Before Israel, there were other Jewish promised lands, says Colorado professor

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<p>(Photo: Courtesy of Mark Paskowitz)</p>
<p>The central highlands area of Madagascar, an island off the coast of Africa, was considered as a potential  Jewish homeland.</p>

Today is Purim, the Jewish holiday that commemorates the time 2,500 years ago when Jews were threatened with annihilation in ancient Persia. They have faced the threat of destruction many times in their history, including during the Holocaust, which led up to the creation of an independent Israel in 1948.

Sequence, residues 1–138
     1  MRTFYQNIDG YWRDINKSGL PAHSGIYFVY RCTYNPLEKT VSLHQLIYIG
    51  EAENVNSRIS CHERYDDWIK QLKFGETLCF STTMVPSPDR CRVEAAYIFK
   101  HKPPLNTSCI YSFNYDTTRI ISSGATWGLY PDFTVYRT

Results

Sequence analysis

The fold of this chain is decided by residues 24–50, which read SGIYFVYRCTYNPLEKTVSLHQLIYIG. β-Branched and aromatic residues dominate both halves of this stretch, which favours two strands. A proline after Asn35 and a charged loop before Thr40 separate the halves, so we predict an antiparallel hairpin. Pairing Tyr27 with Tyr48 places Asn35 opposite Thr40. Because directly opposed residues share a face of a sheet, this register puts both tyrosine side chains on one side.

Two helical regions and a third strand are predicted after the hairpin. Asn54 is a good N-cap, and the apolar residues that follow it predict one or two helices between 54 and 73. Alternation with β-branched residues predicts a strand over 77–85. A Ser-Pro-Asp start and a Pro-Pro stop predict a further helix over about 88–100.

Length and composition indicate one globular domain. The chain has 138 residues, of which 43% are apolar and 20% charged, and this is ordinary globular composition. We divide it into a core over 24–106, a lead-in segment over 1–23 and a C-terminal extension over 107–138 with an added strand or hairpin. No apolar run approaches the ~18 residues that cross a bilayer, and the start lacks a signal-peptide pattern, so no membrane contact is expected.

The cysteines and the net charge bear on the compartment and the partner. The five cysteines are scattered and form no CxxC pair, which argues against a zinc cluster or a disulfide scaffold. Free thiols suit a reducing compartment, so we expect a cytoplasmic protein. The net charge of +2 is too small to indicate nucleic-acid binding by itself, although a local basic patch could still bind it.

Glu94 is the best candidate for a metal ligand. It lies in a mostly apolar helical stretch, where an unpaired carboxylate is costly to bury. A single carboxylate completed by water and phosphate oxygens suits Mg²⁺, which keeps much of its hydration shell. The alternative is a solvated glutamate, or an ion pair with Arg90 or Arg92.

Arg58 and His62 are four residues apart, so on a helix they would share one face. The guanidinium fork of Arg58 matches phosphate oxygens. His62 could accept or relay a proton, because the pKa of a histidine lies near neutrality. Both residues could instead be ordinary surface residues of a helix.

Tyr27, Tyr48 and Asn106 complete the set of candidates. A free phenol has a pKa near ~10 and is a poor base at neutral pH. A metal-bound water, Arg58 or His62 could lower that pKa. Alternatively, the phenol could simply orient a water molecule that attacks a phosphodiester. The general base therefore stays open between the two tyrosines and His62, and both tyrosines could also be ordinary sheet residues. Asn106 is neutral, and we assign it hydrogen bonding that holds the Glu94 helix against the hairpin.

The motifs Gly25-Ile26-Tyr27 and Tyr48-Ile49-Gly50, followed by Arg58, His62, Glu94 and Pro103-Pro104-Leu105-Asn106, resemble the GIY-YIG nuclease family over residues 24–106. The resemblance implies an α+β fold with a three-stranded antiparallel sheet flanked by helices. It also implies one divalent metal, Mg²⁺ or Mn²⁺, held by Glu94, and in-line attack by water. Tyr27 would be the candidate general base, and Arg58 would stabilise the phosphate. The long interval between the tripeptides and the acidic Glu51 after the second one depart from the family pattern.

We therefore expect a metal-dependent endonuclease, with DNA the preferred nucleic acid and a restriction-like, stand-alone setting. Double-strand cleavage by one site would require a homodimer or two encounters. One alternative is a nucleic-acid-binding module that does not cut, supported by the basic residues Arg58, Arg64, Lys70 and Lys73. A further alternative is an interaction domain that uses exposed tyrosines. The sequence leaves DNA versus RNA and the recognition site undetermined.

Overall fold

Israeli Prime Minister Benjamin Netanyahu told Congress this week that Jews remain threatened. The recent shootings in Denmark and France, have also led him to voice concerns. He has called on European Jews to immigrate to Israel.

But, if history had taken a different turn, he could have been beckoning them to lands in modern Madagascar, Tasmania, or Suriname. Those unexpected places far from historic Jewish holy lands were all once considered potential places for a Jewish state.

University of Denver professor Adam Rovner explores the strange history of the Jewish search for a modern homeland in his new book, “In the Shadow of Zion: Promised Lands before Israel.